Chiefs must help build bridges of peace- IGP
Sunyani (B/A) April 30, GNA- Nana Owusu-Nsiah, Inspector General of Police (IGP) on Thursday advised chiefs to stay clear of active party politics and help build "bridges of peace" between the various political parties.
"It is only when there is peace in the communities that law-abiding citizens can go about their normal duties without fear or intimidation", he said.
The IGP was addressing the Brong Ahafo Regional House of Chiefs on "the role of chiefs in supporting the police to achieve peaceful elections in 2004", at its second general meeting in Sunyani on Thursday.
He said in terms of law enforcement, chiefs through their traditional courts and the police have a great influence in the general maintenance of law and order, peace and stability.
He urged the chiefs to use their authority to assist the law enforcement agencies to make the forthcoming elections successful. Nana Owusu-Nsiah, who is also Mawerehene of Berekum, stated the constitutional provision on chiefs in Article 276 section one of the 1992 constitution, barring chiefs from actively taking part in partisan politics.
"A chief shall not take part in active party politics; and any chief wishing to do so and seeking election to Parliament shall abdicate his stool or skin", he read, adding that any flout of this injunction was likely to dent the reputation and dignity of the chieftaincy institution.
The IGP called on chiefs to remain neutral and treat all political parties with equally.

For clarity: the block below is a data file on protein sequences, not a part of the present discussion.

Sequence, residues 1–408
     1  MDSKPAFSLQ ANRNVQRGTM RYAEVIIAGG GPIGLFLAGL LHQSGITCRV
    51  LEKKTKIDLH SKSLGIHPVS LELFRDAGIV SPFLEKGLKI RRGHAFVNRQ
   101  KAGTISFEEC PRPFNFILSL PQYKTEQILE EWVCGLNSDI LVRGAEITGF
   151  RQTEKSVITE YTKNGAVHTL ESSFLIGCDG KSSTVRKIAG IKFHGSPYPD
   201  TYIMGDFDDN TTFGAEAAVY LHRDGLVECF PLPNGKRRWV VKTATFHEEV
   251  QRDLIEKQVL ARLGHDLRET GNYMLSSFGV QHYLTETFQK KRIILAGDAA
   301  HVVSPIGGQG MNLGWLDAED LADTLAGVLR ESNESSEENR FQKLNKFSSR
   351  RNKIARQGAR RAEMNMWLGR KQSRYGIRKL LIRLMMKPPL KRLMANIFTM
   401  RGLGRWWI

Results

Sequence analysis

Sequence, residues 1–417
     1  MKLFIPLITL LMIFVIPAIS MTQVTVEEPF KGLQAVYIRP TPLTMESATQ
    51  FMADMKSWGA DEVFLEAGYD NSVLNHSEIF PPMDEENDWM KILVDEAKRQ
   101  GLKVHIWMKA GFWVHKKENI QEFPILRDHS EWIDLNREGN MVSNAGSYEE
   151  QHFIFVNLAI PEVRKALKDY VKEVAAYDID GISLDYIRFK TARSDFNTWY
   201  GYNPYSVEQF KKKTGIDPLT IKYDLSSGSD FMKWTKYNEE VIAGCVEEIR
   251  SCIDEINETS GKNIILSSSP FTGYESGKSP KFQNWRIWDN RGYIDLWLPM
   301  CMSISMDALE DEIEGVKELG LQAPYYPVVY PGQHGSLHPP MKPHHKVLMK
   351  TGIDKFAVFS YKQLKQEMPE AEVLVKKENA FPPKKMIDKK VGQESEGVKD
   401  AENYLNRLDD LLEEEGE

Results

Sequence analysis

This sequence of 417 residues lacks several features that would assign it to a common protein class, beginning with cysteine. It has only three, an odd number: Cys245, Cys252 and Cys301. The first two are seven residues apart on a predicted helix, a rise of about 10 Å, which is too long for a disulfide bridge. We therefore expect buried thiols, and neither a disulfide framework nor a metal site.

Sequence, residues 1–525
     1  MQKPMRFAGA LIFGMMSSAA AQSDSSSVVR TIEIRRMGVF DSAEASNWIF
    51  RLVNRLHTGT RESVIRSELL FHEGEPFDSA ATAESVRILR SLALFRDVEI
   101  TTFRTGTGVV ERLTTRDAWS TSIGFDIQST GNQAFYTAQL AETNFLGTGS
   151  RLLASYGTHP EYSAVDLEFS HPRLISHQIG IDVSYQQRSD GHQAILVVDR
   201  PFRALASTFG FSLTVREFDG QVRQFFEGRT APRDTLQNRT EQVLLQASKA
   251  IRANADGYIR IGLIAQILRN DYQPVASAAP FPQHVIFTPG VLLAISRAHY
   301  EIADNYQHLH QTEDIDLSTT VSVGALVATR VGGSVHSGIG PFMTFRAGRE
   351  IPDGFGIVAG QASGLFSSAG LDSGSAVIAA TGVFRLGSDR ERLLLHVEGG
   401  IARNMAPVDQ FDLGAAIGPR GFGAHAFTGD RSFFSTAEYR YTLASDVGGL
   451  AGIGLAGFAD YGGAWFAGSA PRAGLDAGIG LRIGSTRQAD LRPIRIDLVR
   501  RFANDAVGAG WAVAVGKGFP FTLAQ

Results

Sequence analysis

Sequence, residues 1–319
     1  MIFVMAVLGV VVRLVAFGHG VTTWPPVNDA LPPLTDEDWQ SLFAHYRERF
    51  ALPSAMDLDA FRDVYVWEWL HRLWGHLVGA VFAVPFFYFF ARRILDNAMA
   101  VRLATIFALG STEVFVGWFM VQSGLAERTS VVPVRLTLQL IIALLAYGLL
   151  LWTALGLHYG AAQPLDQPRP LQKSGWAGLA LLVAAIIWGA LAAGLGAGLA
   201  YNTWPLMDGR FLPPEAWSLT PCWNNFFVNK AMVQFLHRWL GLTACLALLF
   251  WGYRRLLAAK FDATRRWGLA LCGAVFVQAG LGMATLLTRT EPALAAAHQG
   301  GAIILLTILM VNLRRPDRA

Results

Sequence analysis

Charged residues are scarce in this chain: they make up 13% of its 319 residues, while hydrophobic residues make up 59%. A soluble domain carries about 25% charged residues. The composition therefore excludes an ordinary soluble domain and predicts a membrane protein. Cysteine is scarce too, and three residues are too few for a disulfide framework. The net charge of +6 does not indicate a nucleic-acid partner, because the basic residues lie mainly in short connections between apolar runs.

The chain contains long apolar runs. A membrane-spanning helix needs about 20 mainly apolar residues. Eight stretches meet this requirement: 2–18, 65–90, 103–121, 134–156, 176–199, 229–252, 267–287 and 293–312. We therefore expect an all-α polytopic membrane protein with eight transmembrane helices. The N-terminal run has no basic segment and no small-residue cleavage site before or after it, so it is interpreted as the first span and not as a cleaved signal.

Nana Owusu-Nsiah noted that many chieftaincy disputes and other conflicts were created by divisional and sub-chiefs and suggested that seminars be organised for them to know exactly how paramount chiefs and queenmothers were enstooled.
"This will help reduce the spate of chieftaincy disputes", he said, explaining that monies spent on litigation could be used for developments and advised the chiefs to settle chieftaincy disputes amicably outside courts.
He appealed to the chiefs to advise the youth to desist from acts of vandalism and respect the Public Order Act by comporting themselves. The IGP appealed to the chiefs to assist the security agencies by providing information leading to the prevention and arrest of criminals. In a welcoming address, Nana Kwadwo Nyarko III, President of the House and Omanhene of Prang Traditional Area, said the meeting aimed at deliberating on pertinent issues affecting the institution in the region.
He announced that his term of office as President would elapse in October this year, and his successor would be elected in the last quarter of the year.
The Pranghene suggested to the House to work out modalities by which its next President and all others could be elected without rancour in order to promote peace and unity.
He commended the security agencies for their untiring efforts in combating armed robbery and other criminal activities in the country. Nana Kwadwo Seinti, Brong-Ahafo Regional Minister advised chiefs to work to unite all feuding factions and political parties and cautioned them not to allow themselves to be manipulated by politicians. "Nananom are required to control their subjects, particularly the youth against their political opponents since such behaviours have the tendency of disrupting peaceful elections", the Regional Minister said. He appealed to all and sundry to be circumspect in their pronouncements during the electioneering campaign.
Nana Seinti advised the chiefs to promote the formation of virgin and abstinence clubs in their traditional areas "so that we could protect our children against HIV/AIDS".